on important social or religious occasions. However, rather than fixed,
the Japanese Tea Ceremony does have flexibility since every occasion and
different season calls for special and unique preparations, choice of utensils,
choice of flowers for arrangement, a hanging scroll to describe the kind
of tea-meeting and objective of the host. And rather than religious it
could be better explained that the host will do the best he can by studying
all related aspects such as calligraphy, flower arrangement, cooking, the
wearing of a kimono, ceramics and much more. Therefore, it would be more
appropriate to call it “The Way of Tea” since this would refer to a way
of life, or a life style in devotion of preparing the best possible bowl
of powdered green tea for the guests. The Way of Tea is a subtly variable
way to commune with nature and with friends. Deeply rooted in Chinese Zen
philosophy, it is a way to remove oneself from the mundane affairs of day-to-day
living and to achieve, if only for a time, serenity and inner peace.
Wa, Kei, Sei, Jaku - “harmony,
respect, purity, tranquility.”
“Wa” stands for harmony.
As there is harmony in nature, the Teishu will try to bring this quality into
the tea room and the garden around the tea house. The utensils used during the
tea ceremony are in harmony with each other, so the theme is the same as well
as the colors. The tea garden should be an extension of the natural flora surrounding
“Kei” stands for respect. The guests must respect all things, all matters without involving their status or position in life. They must crawl trough a small entrance called Nijiriguchi to get into the room. In the room they will all kneel down and bow to the hanging scroll, they will sit next to each other in Seiza position on the Tatami. Respect is also shown by carefully handling and observing the tea bowl and other objects during Haiken.
“Sei” stands for purity.
Crawling into the tea room, one is to leave behind all thoughts and worries of
daily life. The tea room or Chashitsu is a different world where one can re-vitalize,
slow down, and enjoy the presence of friends. The gesture of purity is enhanced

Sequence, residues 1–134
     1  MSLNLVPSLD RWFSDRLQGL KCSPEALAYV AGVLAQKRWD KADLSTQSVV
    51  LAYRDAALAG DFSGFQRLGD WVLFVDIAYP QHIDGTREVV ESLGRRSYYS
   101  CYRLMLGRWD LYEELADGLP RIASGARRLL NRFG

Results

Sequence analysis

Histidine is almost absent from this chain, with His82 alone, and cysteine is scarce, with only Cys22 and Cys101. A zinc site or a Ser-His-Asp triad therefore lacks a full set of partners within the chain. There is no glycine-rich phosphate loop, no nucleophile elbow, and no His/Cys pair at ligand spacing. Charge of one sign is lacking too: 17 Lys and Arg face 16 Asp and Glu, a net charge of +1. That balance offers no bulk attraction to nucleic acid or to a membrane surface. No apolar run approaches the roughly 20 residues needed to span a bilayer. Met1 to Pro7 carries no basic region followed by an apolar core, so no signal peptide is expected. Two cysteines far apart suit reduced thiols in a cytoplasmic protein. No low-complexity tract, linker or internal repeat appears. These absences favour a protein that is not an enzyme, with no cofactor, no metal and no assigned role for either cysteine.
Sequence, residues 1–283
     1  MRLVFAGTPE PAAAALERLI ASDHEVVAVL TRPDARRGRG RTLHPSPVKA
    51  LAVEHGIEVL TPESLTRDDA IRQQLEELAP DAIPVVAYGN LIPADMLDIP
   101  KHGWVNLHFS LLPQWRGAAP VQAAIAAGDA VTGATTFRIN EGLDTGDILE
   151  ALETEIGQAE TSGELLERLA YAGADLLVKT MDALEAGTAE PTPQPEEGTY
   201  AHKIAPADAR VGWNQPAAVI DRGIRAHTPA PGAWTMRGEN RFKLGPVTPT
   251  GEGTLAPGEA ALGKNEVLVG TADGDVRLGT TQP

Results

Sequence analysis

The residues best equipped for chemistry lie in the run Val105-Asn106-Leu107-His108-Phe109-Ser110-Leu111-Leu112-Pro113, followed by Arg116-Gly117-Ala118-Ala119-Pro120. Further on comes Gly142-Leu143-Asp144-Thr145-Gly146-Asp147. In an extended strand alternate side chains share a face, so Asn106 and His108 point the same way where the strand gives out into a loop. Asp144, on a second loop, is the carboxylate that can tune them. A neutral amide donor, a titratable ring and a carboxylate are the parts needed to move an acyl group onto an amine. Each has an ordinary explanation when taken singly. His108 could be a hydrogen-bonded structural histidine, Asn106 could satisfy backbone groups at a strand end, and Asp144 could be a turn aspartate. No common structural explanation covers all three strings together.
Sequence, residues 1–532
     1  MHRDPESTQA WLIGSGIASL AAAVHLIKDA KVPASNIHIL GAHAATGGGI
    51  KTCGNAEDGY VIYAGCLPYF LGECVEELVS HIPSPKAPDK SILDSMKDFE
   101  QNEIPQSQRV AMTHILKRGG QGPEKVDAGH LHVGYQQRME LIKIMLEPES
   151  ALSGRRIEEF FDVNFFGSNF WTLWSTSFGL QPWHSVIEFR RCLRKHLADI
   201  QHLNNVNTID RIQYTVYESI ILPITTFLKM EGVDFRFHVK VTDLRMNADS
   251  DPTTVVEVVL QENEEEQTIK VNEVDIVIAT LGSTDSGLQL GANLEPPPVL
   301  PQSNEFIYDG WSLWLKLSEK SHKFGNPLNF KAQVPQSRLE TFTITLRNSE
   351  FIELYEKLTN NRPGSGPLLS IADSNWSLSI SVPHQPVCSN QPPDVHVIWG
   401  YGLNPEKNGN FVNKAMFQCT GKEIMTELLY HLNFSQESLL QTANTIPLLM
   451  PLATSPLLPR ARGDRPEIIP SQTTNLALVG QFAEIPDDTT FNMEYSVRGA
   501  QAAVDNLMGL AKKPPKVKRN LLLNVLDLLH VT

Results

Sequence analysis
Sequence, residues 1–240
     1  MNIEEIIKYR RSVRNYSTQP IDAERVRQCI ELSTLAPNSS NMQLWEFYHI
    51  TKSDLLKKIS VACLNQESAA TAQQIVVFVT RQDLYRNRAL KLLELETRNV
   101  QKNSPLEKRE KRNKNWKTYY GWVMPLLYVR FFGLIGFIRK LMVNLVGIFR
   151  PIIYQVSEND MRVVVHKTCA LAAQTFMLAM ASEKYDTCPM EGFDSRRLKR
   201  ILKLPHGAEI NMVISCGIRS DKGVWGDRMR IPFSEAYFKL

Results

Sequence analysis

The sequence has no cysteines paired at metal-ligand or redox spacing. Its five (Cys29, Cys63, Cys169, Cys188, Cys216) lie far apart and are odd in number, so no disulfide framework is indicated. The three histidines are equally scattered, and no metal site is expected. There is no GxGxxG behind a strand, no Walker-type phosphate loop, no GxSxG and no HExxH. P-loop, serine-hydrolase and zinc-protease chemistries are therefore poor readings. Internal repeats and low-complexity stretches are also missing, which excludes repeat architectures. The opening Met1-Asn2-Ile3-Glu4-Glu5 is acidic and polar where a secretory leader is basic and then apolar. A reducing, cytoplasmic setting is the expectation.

by the ritual cleaning of the Chawan, Natsume, Chashaku,
and Kensui lit
by the host. The real grand master of tea does not perform the Japanese tea ceremony
from memory but from a pure heart.
“Jaku” stands for tranquility.
Only after the first three concepts (harmony, respect, and purity) are discovered,
experienced and embraced, can people finally embody tranquility. This was one
of the teachings of the Japanese tea ceremony master Sen no Rikyu (1522 – 1591).
Wabi - “Appreciating the beauty of things that are simple and natural,” the old meaning is “the loneliness of living in nature, remote from society.”
The tea room’s interior will seem imperfect and rustic. The wall might be unpainted and visible wooden pillars and beams are untreated, just as it would look like in nature.
Contrary to western houses, the tea house is not a small museum with lots of collectibles, there is only the essential needed for a unique meeting with the Teishu or host. There is only one hanging scroll in the alcove of the Chashitsu, there is no furniture or maybe a simple Tana to display tea equipment. The only sound is that of boiling water in the Kama, only the smell of incense from the fire, one flower or branch in the Hana-ire. Conversation is kept to that of the utensils in the tea room, and other equipment used.
Kokoroire – “Pouring one’s
heart totally into (devotion of) the tea ceremony.” The Teishu or host, is someone
who devotes his life to the ritual preparation of a bowl of tea. They live “the
way of tea.”